Montana food stores grapple with increased demand and a bumpy economy

Colorful boxes and boxes of lunch were lined up on the shelves of an Arlee Community Development Corporation pantry one summer morning. Store workers, including program manager Donna Molica, stocked the day before, in preparation for a new week of distribution.

Although the shelves were full that morning, Molika says she doesn’t stay that way for long these days. Arlee’s pantry usually has enough food for 30 families per week. But demand doubled in April.

“So we were surprised, and we ran out of food,” Molika says.

Molika says the store was surprised by the rise.

It was really clear that it was a response to inflation. We had people come in who had never used a pantry before.”

Moleka says many families in the Joko Valley are commuting to work, and gas prices in Montana have been too falls more slowly from other countries. Add to that rising rents and food prices, and Arley’s store finds itself in the middle of a perfect storm.

The store is not alone in seeing an increase in demand for food assistance. The Missoula Food Bank told MTPR that the early months of 2022 were their busiest ever. Flathead Food Bank customers jumped by a third this spring, with the number of store users increasing for the first time.

Gail Carlson is CEO of the Montana Food Bank Network.

“What we’ve been hearing from our agencies, over the past few months, are some dramatic increases,” she says.

With emergency funding and donations dwindling in the age of the pandemic and food and gas prices soaring, pantry staff say they are dealing with a unique set of challenges.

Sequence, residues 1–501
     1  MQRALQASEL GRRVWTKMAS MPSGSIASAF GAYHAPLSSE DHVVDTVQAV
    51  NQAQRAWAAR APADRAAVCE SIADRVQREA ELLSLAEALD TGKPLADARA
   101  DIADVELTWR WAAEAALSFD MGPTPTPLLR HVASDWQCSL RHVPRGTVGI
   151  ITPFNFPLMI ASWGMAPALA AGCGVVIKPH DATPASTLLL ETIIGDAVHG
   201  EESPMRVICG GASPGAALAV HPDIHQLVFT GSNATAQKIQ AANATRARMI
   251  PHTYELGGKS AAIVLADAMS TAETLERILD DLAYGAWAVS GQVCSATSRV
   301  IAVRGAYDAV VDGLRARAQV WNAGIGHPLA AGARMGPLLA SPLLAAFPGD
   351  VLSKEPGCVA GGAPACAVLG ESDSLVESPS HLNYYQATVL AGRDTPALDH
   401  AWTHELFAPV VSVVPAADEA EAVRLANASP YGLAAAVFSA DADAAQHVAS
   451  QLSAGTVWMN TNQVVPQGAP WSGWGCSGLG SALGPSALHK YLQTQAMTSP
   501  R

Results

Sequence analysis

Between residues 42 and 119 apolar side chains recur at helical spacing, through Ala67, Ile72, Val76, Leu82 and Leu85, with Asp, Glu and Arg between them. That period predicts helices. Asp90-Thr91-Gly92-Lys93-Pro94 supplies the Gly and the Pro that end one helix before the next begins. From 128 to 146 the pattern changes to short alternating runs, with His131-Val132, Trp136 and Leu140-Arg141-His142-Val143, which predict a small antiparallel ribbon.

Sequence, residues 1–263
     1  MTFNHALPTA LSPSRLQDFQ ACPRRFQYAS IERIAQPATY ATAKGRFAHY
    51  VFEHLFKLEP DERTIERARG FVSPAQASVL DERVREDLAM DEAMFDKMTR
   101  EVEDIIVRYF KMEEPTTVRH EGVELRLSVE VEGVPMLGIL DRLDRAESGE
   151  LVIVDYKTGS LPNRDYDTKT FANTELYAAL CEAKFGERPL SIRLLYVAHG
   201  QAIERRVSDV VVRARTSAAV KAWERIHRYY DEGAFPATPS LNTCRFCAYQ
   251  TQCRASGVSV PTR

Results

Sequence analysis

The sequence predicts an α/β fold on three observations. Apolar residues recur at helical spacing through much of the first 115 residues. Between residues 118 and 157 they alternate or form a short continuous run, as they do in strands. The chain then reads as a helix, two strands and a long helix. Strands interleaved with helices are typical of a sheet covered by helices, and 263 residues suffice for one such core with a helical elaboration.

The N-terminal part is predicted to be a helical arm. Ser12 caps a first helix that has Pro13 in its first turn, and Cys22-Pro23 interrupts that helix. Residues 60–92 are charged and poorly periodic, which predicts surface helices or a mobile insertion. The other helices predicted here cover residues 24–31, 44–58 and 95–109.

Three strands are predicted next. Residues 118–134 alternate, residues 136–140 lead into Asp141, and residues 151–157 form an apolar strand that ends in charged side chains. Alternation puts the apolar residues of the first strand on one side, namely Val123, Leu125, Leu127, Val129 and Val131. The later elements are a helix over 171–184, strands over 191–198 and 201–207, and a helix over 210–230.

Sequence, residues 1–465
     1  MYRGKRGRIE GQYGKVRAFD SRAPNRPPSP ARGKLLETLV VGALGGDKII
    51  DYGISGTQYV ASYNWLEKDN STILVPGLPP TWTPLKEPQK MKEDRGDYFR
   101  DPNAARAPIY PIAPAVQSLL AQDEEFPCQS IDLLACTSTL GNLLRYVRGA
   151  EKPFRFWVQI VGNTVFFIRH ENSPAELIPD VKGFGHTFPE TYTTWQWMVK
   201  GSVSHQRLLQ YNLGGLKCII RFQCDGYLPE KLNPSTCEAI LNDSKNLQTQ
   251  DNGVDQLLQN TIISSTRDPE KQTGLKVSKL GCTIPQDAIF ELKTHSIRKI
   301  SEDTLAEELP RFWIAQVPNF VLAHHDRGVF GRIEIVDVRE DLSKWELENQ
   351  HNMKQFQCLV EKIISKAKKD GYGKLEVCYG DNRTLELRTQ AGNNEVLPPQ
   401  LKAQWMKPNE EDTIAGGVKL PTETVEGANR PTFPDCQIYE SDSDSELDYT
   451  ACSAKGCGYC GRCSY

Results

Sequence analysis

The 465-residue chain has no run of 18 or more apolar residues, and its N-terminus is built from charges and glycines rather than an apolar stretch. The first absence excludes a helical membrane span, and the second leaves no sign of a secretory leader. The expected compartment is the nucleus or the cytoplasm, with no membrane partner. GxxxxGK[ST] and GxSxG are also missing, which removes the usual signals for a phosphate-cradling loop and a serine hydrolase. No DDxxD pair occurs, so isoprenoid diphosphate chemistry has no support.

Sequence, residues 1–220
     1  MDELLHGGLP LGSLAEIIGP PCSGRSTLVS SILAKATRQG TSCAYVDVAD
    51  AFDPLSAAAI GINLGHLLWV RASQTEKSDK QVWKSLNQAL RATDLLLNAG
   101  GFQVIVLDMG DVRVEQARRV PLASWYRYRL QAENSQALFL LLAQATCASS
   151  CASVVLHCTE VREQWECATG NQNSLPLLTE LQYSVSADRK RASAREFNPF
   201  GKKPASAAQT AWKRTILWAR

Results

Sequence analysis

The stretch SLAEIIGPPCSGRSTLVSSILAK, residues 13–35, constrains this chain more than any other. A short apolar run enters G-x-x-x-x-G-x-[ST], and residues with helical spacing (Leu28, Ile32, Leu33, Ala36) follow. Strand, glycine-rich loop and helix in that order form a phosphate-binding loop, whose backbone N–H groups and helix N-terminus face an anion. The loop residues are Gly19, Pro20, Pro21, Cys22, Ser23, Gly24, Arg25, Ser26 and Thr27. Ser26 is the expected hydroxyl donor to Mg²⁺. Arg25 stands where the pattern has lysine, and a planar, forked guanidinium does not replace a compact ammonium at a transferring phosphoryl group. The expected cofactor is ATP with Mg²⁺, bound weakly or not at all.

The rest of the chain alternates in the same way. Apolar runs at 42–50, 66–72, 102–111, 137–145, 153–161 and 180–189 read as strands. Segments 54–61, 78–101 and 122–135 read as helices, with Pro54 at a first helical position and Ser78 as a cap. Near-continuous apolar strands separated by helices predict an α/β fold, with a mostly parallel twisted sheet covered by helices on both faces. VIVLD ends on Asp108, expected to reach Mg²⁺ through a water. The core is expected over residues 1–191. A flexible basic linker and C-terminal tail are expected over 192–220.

Carlson led the state’s network of food banks for nine years, and says rural areas, communities that rely on retail, service industry and seasonal workers have especially struggled to buy food these days because wages haven’t risen alongside expenses.

Despite the challenges, Carlson says she’s not too concerned about the future of Montana’s food banks.

“I think if there’s a group of organizations that are resilient, it’s stores, because they figured out how to get the most out of what little they had,” Carlson says.

Austin Amistoi

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Public Radio Montana

Canned goods await patrons at the Arlee Community Development Corporation food pantry Thursday, July 7. Beyond the non-perishable items, store workers have been hard at work developing dehydrated meals, which they say are in high demand.

Montana stores are looking for solutions to keep up with the increasing demand.

The Montana Food Bank Network says it is developing a proposal for first-of-its-kind state legislation to support local stores and farmers.

Livingston’s Food Sourcing Center is working with Hoba Mountain, a Bozeman-based nonprofit, and other organizations to develop “food hubs” — networks of stores across the state that will share access to locally grown foods, programming, and other resources.

Michael McCormick recently retired from a 12-year assignment leading the Livingston Center for Food Resources, and he says pantries must work to tackle what he has called the root cause of food insecurity: poverty.

“Food stores have a real opportunity to not provide this invisible support to people in need — each of them has the opportunity to step up and make a difference in their community,” McCormick says.

Back in Arlee, Donna Mollica, former Confederate President Salish and Kotenai Shelley Viant are working on a “food mastery” initiative for the store – teaching the people of the Goku Valley how to grow and cook using local foods and indigenous techniques. Viant said she first heard about the term at a conference while serving on the CSKT board.

One of the things I heard at that meeting was that ‘a nation that cannot feed itself is not really sovereign,’ says Viant. ‘So, being from a sovereign nation, I thought long and hard about it.’

Arlee’s store also plans to use a new dryer to start serving easy-to-make meals to local families, and Fyant is developing programming to teach entrepreneurial skills to Jocko Valley youth. Moleka and Vayant say they’ve secured enough grant funding and donations to get them in 2023, but additional increases in demand or prices could derail those plans.

Molika says, despite the headache, she doesn’t lose sleep about the future of the store.

“If we put our minds and hearts together, and keep doing the good work we are doing, the money we need will come.”

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